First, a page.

Wire describes the song as “A rejection of digital coercion,” the tech platforms that have driven the information overload and lack of capacity for nuance that have fostered so many of his insecurities. “Every time I put anything on, Peloton’s just fucking staring at me. Or fucking Park Run. What happened to the loneliness of the long-distance runner?” It raises a complex issue, and there are plenty of holes you could pick in Wire’s arguments, yet it still feels articulate and focussed, the words in perfect step with Bradfield’s pumping pop piano chords and bracing crescendo chorus.

Throughout the album, there’s an intense focus on marrying Wire’s lyrical ideas with the music Bradfield was writing. “I do think the time and space [of lockdown] had a lot to do with it, I think I needed to go to the final level in terms of making my words really singable while also, hopefully, pretty deep.” He entwined his writing tightly to the music James Dean-Bradfield was writing, primarily on the piano for the first time in the band’s career. “It had a more lyrical swing to it,” Wire continues of his writing. “The way Lana Del Rey can twist and turn on a phrase, I wanted to try and combine that with James.” The result is a record of considerable emotional depth, a consistent beautiful gloom from which little bursts of beauty constantly surface – a tender back and forth between Bradfield and Mark Lanegan on ‘Blank Diary Entry’, a thick and transfixing keyboard solo on the intensely melancholy ‘Diapause’, ‘The Secret He Had Missed’’s glorious tumbling piano chords.

It’s an album that constantly glistens, but through a sort of haze, like glitzy Top Of The Pops costumes viewed by a child on an analogue television screen. It’s a glamour drawn distinctly from the band’s youths, growing up together in Blackwood, South Wales. “The musical framework of the album is ‘Waterloo’ in 1974 to ‘Bring On The Dancing Horses’ in 1985,” Wire says. He looks back fondly on the long, “blissful” hours spent glued to his parent’s television set. “I learnt so much just sat there eating crisps. It’s what made me. Obviously, you had Top Of The Pops as your main portal, but you’d also see huge stars in really strange situations. Demis Russos on the Val Doonican show or something, Neil Diamond on Des O’Connor or Wogan.” It’s always been an influence on the Manics’ sound. “The run up in ‘Motorcycle Emptiness’ is totally nicked off ‘Dancing Queen’, James said it at the time.” The Manics’ innate melancholia can be traced to 70s pop hits too. “Whether it was Glen Campbell or ABBA or The Carpenters, so many of the world’s biggest pop songs were the saddest and most heartwrenching of all time.”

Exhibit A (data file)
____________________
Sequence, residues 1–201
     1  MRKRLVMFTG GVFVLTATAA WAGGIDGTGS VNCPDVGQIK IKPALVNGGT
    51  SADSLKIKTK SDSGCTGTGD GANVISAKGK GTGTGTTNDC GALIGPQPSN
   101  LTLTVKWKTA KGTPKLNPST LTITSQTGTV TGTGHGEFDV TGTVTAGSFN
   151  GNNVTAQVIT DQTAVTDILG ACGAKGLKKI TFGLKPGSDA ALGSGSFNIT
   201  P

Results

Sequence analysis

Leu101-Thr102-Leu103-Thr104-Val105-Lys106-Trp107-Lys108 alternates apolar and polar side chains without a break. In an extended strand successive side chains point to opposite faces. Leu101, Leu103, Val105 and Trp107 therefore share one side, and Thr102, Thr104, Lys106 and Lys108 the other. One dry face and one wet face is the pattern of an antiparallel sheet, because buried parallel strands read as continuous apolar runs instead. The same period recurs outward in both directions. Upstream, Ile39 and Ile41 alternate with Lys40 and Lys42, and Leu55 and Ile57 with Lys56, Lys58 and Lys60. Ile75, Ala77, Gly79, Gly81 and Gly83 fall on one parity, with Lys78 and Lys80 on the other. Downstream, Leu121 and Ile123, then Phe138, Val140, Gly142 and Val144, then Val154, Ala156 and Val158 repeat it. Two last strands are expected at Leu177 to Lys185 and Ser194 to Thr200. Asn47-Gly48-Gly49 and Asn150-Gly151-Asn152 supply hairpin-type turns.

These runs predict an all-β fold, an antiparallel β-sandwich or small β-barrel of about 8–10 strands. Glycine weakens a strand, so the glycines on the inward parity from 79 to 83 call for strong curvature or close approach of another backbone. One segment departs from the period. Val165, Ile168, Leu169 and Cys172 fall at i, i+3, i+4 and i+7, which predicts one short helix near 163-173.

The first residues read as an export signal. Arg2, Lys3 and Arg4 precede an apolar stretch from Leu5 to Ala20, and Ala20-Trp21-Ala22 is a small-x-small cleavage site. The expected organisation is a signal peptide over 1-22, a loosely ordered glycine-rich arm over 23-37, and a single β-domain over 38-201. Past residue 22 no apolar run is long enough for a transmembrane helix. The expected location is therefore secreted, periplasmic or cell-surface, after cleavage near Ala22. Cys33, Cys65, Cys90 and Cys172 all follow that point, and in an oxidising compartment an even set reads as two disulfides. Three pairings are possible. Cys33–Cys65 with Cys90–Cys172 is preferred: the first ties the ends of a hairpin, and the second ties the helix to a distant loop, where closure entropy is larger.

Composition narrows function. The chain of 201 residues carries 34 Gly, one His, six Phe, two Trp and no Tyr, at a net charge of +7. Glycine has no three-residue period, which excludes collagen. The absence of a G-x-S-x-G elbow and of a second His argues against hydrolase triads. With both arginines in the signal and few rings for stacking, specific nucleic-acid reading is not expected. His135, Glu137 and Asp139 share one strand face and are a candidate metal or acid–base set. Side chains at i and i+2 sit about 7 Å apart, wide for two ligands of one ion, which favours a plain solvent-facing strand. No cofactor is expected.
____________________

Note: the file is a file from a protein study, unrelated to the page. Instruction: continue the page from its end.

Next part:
The Ultra-Vivid Lament tracks ‘The Secret He Had Missed’, a collaboration with Julia Cumming of New York band Sunflower Bean, and ‘Blank Diary Entry’ with Mark Lanegan, are the latest expressions of The Manics’ love for a good old-fashioned ‘Islands In The Stream’-style duet, from ‘Little Baby Nothing’ with Traci Lords in 1992, to 2007 comeback single ‘Your Love Alone Is Not Enough’ with Nina Persson, to collaborations with Cate Le Bon, Lucy Rose and Richard Hawley on Rewind The Film and with The Anchoress on Resistance Is Futile and more. It’s a tendency, Wire says, absolutely rooted in the old school. “Sometimes people ask, ‘what was it like to collaborate’ about someone, but it’s not really that.”

Still, the new music he’s most drawn to is that which prides aesthetics above all else. “Something like the last Arctic Monkeys album, or Lana Del Rey. “The lyrical flow when she first shared ‘Video Games’, the way it twists and turns… I must have played that 20 or 30 times in a row the first time I heard it.” Like Del Rey’s off-kilter California, and Alex Turner’s sleazy sci-fi self-parody on Tranquility Base Hotel And Casino, The Ultra-Vivid Lament is a record very much in its own world. “A futuristic fantasy album, but the classic ‘70s idea of the future that never really arrived,” as he puts it, on which all that glitz, artifice and melancholia always partly present in their work becomes the focal point. When coupled with the depth to which Wire plumbed his internal “horrors”, The Ultra-Vivid Lament manages to provide both style and substance.

The Manics have always been at their best when at their most cohesive – Richey Edwards’ dark, visionary genius on The Holy Bible, or ‘A Design For Life’’s anthemic capturing of the zeitgeist – and in its tight latticing of melancholia and glamour, The Ultra-Vivid Lament has cohesion in spades. On Resistance Is Futile Wire’s myriad uncertainties – from his parents to his personal insecurities about relevance – resulted in a sound that was itself uncertain, but on its follow-up they’ve mined the depths of that unease to produce something bold, coherent, and ultimately triumphant in its honesty. “We’re 52,” Wire says of himself and his bandmates. “Everything has been chipped away at, but ourselves and by outside factors. With this album we looked at each other and realised that the only thing we’ve got left, the essence of the band, is creativity. It’s the last thing that binds us together. We thought let’s make the most of that. Let’s cherish it.”

Manic Street Preachers’ new album The Ultra-Vivid Lament is released on September 10 via Columbia/Sony